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Marketing Research 101: Six Common Mistakes in Survey Questionnaire Design

Posted by Tara Wildt on Sep 21, 2015

Online surveys have become the cornerstone of the market research industry. 6-mistakesThey quickly and easily allow businesses to gather consumer data, which they can use to: enrich products, alter marketing campaigns, and tailor messaging. Unfortunately, modern technology, which has improved the ease with which companies can generate surveys and analyze results, has also spawned an era where an increasing number of surveys are poorly formulated, limiting responses or skewing data to misrepresent customer intentions. By applying a few basic tenants of survey design, we easily increase engagement and improve data accuracy and overall quality.


Click here for 6 tips on writing survey questions for the modern respondent 

Questions that Affect the Answer

1. Leading Questions: Questions should be phrased in a way that suggests all responses are equally viable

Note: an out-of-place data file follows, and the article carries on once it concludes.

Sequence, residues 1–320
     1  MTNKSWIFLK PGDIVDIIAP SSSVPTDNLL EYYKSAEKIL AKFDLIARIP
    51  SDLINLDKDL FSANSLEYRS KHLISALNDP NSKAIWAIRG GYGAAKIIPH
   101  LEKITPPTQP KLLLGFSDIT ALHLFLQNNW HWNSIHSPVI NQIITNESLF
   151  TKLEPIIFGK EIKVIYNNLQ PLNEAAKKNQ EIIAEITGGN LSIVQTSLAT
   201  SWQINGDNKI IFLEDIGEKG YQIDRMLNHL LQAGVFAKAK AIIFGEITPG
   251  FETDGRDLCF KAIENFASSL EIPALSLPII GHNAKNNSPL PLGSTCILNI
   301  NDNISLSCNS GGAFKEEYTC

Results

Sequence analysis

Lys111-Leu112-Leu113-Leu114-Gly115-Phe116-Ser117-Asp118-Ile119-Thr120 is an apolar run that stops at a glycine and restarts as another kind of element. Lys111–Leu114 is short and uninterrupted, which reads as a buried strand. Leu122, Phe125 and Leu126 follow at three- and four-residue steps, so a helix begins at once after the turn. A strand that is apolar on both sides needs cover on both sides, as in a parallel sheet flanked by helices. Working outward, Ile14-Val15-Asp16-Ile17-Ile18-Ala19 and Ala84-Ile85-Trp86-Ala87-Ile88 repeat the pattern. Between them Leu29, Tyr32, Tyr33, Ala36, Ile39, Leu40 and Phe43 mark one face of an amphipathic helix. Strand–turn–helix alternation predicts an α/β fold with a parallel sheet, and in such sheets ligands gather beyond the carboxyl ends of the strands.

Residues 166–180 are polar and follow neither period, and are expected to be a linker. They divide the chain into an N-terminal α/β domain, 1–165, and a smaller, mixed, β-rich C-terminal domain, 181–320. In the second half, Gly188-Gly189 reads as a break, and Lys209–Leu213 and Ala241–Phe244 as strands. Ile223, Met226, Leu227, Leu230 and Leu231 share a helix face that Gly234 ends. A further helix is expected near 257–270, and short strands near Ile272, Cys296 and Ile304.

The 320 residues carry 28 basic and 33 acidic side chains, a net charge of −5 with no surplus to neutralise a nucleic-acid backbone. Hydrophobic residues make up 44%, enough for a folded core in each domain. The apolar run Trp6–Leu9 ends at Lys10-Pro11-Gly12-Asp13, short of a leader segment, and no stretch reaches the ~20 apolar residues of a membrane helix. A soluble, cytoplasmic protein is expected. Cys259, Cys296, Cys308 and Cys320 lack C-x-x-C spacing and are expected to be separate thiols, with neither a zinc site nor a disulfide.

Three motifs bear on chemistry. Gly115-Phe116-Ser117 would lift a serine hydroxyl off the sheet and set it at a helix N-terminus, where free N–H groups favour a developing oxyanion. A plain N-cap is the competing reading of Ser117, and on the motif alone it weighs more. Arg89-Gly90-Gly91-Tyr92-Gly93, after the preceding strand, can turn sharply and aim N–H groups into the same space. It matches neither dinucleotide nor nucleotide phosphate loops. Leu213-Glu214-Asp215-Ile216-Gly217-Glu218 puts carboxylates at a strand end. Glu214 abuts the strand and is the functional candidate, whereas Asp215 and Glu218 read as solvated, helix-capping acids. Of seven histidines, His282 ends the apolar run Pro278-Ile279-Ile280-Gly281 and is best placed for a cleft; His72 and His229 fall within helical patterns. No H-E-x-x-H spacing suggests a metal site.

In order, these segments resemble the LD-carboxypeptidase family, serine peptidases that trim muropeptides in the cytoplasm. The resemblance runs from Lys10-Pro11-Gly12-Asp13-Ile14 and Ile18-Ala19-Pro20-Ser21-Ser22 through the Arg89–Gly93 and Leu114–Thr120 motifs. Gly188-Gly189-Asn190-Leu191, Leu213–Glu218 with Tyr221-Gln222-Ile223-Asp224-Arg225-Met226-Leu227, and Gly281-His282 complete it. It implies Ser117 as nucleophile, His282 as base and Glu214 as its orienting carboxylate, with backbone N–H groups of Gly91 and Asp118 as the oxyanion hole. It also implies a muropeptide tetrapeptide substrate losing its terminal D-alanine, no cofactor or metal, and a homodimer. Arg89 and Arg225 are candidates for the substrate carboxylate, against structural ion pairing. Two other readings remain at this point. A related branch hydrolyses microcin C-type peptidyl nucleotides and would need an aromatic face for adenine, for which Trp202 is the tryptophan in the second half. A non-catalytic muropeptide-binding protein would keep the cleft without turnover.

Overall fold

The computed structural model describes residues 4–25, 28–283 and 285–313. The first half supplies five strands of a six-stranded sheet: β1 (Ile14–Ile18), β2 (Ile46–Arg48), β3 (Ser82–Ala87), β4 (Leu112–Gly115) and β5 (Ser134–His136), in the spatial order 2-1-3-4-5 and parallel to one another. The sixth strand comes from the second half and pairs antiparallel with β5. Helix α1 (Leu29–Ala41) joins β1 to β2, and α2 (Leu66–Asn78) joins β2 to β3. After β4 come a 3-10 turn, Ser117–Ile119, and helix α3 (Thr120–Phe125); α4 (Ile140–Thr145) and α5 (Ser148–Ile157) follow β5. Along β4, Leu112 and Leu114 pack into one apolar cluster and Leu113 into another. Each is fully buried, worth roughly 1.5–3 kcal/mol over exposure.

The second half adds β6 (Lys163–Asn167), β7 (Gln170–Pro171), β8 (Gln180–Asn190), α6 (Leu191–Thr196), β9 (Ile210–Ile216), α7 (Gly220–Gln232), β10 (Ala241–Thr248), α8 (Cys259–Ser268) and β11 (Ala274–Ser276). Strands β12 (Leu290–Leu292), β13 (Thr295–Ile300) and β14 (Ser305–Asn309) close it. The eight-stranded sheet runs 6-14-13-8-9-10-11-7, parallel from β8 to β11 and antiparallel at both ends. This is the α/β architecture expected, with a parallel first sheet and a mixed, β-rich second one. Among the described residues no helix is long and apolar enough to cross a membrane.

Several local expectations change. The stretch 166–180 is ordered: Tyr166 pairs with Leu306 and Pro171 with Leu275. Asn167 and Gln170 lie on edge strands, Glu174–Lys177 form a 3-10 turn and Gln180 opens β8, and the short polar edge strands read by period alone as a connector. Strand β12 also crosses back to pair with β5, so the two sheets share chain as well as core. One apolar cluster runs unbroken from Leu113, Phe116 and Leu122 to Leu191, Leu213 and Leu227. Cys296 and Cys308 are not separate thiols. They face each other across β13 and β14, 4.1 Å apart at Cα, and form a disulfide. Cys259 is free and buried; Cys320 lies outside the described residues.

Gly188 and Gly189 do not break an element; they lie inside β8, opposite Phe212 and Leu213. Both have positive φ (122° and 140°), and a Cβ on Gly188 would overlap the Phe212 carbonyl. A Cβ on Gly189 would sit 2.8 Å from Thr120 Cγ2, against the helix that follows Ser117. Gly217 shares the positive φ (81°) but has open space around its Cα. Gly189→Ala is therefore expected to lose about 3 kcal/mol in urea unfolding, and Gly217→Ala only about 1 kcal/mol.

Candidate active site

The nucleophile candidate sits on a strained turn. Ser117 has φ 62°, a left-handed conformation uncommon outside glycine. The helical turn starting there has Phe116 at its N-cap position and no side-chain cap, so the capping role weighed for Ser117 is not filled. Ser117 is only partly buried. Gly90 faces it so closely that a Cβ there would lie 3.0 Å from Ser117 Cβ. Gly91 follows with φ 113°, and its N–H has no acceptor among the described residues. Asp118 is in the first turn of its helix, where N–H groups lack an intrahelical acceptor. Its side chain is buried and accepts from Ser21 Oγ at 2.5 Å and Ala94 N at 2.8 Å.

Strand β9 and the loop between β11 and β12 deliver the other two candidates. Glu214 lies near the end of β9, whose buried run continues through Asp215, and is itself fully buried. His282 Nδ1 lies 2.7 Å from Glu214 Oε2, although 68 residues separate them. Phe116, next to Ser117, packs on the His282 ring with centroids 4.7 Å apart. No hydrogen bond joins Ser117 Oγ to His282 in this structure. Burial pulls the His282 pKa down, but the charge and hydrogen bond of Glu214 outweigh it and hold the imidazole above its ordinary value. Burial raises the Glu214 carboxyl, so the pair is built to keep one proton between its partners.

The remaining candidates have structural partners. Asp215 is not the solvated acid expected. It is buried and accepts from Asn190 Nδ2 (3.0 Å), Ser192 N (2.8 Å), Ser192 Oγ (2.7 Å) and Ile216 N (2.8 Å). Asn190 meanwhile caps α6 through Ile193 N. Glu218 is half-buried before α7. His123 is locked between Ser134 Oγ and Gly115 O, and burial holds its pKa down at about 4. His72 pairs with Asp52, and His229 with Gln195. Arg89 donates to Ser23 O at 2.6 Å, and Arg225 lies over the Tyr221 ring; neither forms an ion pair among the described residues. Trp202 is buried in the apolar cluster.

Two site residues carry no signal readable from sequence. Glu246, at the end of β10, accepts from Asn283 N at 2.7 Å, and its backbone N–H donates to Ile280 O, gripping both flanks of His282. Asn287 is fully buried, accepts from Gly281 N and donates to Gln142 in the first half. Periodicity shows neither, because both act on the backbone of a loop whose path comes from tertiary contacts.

2. Loaded Questions: Write questions that do not inherently encourage the participant to be less-than-straightforward with the response

Questions that Result in Unclear Data

3. Double-Barreled Questions: Questions that ask two things and offer only one opportunity to answer do not provide usable data
4. Questions with Absolutes: Unless the subject is clear-cut (i.e., ‘Are you a man?’), the question should provide enough choices to represent participant response 

Questions that Confuse

5. Jargon: Unless the participant pool is very specific, such a ward of doctors at a local hospital, questions should avoid using abbreviations, industry-specific language, or slang. Using clear, common language insures that 100% of the participant pool has an equal understanding of the content
6. Offering Too Many Options: Potential responses to online survey questions should be limited to five or six. Offering more options can be confusing to the participant, clutters the survey, and may negatively affect survey completion

While there is much more to online survey design than adhering to these six principles, avoiding the most common errors of question formulation will greatly increase a survey’s return rate, accuracy, and relevancy. 


Topics: Survey Design

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